A disabled peer is to write to broadcasters and sponsors of football’s Premier League to suggest they should withdraw their support if clubs do not do more to improve access for disabled fans.
Lord [Chris] Holmes, a retired Paralympian and now disability commissioner with the Equality and Human Rights Commission, said that sponsors should “consider their connection and relationship to football and how that fits with their ethical state” if clubs do not make progress on access.
The Conservative peer was speaking as the House of Lords debated the second reading of a private member’s bill sponsored by the Labour peer Lord Faulkner.
His accessible sports grounds bill would give local authorities the power to refuse a safety certificate to sports grounds which do not comply with accessible stadia guidelines.
One of the reasons for the bill, Lord Faulkner told fellow peers, is that disabled fans do not feel comfortable taking legal action under the Equality Act against their own football club.
Lord Holmes described how disabled fans at Liverpool had received death threats from other supporters when they complained that they couldn’t see the action on the pitch, and how – as reported by Disability News Service last month – an Arsenal supporter in his 80s had his walking stick taken away by Manchester United stewards.
Lord Holmes said the Premier League’s own handbook, which all clubs have to follow, contains pages of provisions that they have to make for broadcasters and other media, but just one line on disability access.
He said: “I believe that what we see is nothing short of shambolic. Feeble excuses begone! They have been used for far too long.
“The Premier League has been in existence for more than 20 years and we do not have even minimal access for disabled fans.
“Yet when it comes to new cameras and media positions the changes are made in a trice.”
Another disabled peer and retired Paralympian, Baroness [Tanni] Grey-Thompson, described how Manchester United had described her views on the club’s access failings as “uninformed”, despite her attendance at six Olympic Games, seven Paralympics and 11 World Championships, as well as European championships, Commonwealth Games, and other events at venues with far more than Old Trafford’s 75,000 seats.
She said she was persuaded of the need for legislation when she heard how United had told a family with a disabled son “that they should perhaps go and support a smaller club like Stockport, which might be able to accommodate them”.
She said: “Those clubs do not deserve those fans, and that is why we should support this legislation.”
A third disabled peer, Baroness Brinton, president of the Liberal Democrats, spoke of her experience at last year’s Commonwealth Games in Glasgow.
She was unable to sit with other trustees of UNICEF UK at the opening ceremony because there were no spaces for wheelchair-users in the VIP seats.
Baroness Brinton welcomed new regulations by European football’s governing body UEFA which mean that each club will have to appoint a disability access official.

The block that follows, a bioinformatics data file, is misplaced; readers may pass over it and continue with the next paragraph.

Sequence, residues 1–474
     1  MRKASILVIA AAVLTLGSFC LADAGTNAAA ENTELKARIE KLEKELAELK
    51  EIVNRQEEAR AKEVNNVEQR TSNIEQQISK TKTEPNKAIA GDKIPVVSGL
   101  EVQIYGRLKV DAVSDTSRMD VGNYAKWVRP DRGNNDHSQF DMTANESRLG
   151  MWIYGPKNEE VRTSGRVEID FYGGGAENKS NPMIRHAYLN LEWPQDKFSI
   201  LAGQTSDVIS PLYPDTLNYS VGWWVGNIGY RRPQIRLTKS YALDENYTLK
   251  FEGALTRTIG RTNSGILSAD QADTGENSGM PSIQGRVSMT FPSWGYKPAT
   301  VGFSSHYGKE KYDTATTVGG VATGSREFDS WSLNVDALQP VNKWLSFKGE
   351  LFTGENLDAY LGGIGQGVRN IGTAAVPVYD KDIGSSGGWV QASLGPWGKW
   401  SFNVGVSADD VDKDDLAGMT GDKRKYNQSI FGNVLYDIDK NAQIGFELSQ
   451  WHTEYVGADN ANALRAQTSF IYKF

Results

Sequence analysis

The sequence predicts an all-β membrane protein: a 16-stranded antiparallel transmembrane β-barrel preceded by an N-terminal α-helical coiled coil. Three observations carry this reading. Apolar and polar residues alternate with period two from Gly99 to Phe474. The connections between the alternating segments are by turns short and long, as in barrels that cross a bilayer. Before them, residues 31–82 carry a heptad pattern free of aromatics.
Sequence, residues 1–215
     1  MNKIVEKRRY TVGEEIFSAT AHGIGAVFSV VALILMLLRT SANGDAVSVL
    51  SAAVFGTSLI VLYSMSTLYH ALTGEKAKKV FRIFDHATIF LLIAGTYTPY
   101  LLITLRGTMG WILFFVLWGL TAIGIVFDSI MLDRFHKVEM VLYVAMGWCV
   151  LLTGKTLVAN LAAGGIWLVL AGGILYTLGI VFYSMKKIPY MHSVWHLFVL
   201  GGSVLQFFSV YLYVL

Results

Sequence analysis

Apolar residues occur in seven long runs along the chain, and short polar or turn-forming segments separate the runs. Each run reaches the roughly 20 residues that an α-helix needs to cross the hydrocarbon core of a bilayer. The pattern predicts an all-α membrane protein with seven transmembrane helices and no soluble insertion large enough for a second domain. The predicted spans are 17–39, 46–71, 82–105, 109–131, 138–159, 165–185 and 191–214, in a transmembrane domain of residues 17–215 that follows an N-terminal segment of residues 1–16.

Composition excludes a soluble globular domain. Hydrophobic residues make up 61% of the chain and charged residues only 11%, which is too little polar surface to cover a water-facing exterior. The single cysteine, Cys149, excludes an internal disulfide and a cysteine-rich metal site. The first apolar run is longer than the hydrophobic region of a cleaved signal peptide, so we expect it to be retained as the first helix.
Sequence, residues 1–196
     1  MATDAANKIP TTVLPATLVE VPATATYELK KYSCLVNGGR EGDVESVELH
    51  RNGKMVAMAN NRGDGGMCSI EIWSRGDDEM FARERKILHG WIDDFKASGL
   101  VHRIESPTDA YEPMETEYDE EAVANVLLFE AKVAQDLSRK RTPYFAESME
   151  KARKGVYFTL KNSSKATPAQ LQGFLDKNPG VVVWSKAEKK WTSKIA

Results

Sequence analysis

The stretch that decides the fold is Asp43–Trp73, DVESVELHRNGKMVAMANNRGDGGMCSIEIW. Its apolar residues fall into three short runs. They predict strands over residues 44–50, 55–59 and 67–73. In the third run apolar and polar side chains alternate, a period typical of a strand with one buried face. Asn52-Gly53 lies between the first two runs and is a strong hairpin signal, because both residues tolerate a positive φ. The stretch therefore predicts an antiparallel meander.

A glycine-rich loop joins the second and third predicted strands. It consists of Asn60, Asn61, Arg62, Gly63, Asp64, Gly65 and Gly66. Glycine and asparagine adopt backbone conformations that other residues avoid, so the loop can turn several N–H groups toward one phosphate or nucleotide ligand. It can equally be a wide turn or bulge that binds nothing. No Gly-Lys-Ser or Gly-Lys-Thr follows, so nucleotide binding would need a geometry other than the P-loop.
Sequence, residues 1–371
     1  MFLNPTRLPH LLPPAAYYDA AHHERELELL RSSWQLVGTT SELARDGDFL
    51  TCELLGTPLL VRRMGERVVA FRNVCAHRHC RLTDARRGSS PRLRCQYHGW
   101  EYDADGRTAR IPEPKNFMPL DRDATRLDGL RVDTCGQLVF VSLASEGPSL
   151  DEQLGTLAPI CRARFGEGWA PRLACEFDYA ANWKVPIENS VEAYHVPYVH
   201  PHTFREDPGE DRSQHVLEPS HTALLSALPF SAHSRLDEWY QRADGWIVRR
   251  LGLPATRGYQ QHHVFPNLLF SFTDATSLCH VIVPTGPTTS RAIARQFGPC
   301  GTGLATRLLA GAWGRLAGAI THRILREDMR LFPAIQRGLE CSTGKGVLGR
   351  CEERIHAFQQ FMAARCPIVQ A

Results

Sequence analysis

But she said there had been “disturbing reports” from some of the big Premier League clubs mentioned in the debate that disability access officers “sometimes prevent disabled supporters from getting tickets because they have ‘caused trouble’ in the past” about access arrangements.
Lord Faulkner, who is vice-president of Level Playing Field (LPF), the user-led organisation that works to improve access to sporting venues, said disabled away supporters at 55 of the 92 clubs in England’s top four football leagues are forced to sit with home fans.
He said: “Disabled fans are often asked to hide their team colours and to refrain from celebrating goals. It can be an intimidating and hostile experience.
“They have been verbally abused and threatened, and some have had coins, cigarette lighters, urine and other items thrown at them.”
Another Labour peer, Lord Rosser, also a vice-president of LPF, pointed out that only two Premier League clubs allowed online ticket purchases for disabled supporters.
He said the estimated cost of meeting football’s own minimum standards on access at every Premier League club was less than £8.5 million, and to make the same improvements “to the very highest standards”, with wheelchair-user spaces in the upper tiers of stands and across the stadia, would cost less than £25 million.
The annual wage bill for players at all 20 Premier League clubs in 2013 was £1.85 billion.
Baroness Neville-Rolfe, the junior culture, media and sport minister, said the government did not back the new bill because sports stadia already had to make reasonable adjustments for disabled fans under the Equality Act.
But she made it clear that equality legislation applied to older stadia and not just newer grounds.
She said the government would be consulting soon on its new sports strategy, which will include a section on access, and “will be asking how to tackle this issue, not just from a narrow safety perspective, as the bill does, but more broadly”.
She said: “We need to do consultative work before considering whether legislation or indeed other measures are necessary, but I am sure that today’s debate will be an important input into this very important process.”
Lord Faulkner replied: “Disabled people do not need yet another period of consultation on what they need when they attend sports grounds.
“Rather, the consultation that has gone on almost without cessation over the last 20 years needs to be taken into account, and action needs to be taken now.”
23 July 2015
News provided by John Pring at www.disabilitynewsservice.com